The Great Recession caused everyone to tighten their belts, but the Americans who make just enough to pay the bills have found a little extra to donate to charity.
The Chronicle of Philanthropy analyzed IRS data to find those making less than $100,000 a year increased their charity donations by 4.5 percent between 2006 and 2012, according to the New York Daily News. Wealthier Americans who made more than $200,000 a year decreased their charity donations by 4.6 percent over the same time frame.
The eighth wealthiest zip code in America did have the most charitable residents in the country. Residents in the zip code 10021, located in Manhattan's Upper East Side, donated $478 million from 2006 to 2012. The entire city of New York ranked 21st of the 50 most charitable cities.
The Chronicle, a Washington, D.C.-based newsletter that covers non-profits, found wealthier Americans tend to donate more to the arts and higher education as opposed to social service charities. Middle- to lower-income Americans also donate to services that they may one day need to depend on for survival.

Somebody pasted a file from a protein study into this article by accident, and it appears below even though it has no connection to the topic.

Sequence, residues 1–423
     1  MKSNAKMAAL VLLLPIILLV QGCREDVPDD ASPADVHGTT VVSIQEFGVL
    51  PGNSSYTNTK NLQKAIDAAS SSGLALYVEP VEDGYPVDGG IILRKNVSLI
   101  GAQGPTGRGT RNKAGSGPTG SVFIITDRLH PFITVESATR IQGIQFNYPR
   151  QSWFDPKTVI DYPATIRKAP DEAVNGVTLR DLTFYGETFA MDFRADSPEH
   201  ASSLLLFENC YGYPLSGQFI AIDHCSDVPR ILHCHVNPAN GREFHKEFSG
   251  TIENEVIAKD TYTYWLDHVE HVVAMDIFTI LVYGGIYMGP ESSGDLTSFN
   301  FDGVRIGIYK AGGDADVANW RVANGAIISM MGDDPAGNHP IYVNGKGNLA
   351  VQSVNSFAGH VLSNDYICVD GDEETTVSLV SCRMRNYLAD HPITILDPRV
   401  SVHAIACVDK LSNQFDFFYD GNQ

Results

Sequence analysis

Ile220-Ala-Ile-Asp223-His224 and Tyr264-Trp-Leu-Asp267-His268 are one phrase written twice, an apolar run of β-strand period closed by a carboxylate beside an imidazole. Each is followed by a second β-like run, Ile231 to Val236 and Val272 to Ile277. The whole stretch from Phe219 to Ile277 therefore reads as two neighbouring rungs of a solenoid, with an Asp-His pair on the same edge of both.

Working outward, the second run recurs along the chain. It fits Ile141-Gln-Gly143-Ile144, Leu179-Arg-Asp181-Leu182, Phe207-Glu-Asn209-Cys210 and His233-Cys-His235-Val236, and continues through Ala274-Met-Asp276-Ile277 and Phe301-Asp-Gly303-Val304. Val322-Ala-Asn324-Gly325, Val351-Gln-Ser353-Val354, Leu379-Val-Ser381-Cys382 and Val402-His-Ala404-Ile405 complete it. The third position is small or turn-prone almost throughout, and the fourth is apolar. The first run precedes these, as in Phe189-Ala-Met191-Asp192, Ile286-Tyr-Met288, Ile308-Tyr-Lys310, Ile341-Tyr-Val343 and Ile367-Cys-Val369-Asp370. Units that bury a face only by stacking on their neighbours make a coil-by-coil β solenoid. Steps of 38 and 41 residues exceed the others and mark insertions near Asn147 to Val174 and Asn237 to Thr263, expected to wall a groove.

"It hits closer to home. Any day, they, too, could become homeless," Tami Phillips of Los Angeles' Midnight Mission, which provides services to homeless people, told the Chronicle (via the Daily News).
The most giving state was Utah, whose residents donated an average of 10.6 percent of their discretionary incomes to charity. The state also had five of the six most charitable U.S. cities with Provo, Utah, ranking No. 1. The city gave an average of 13.9 percent of their incomes.
"The Mormon tradition of tithing is a primary reason residents of (Utah) well outpace those in every other place in America," The Chronicle noted in its survey.
Some southern hospitality helped Mississippi, Alabama, Tennessee and South Carolina round out the top five most charitable states in the country.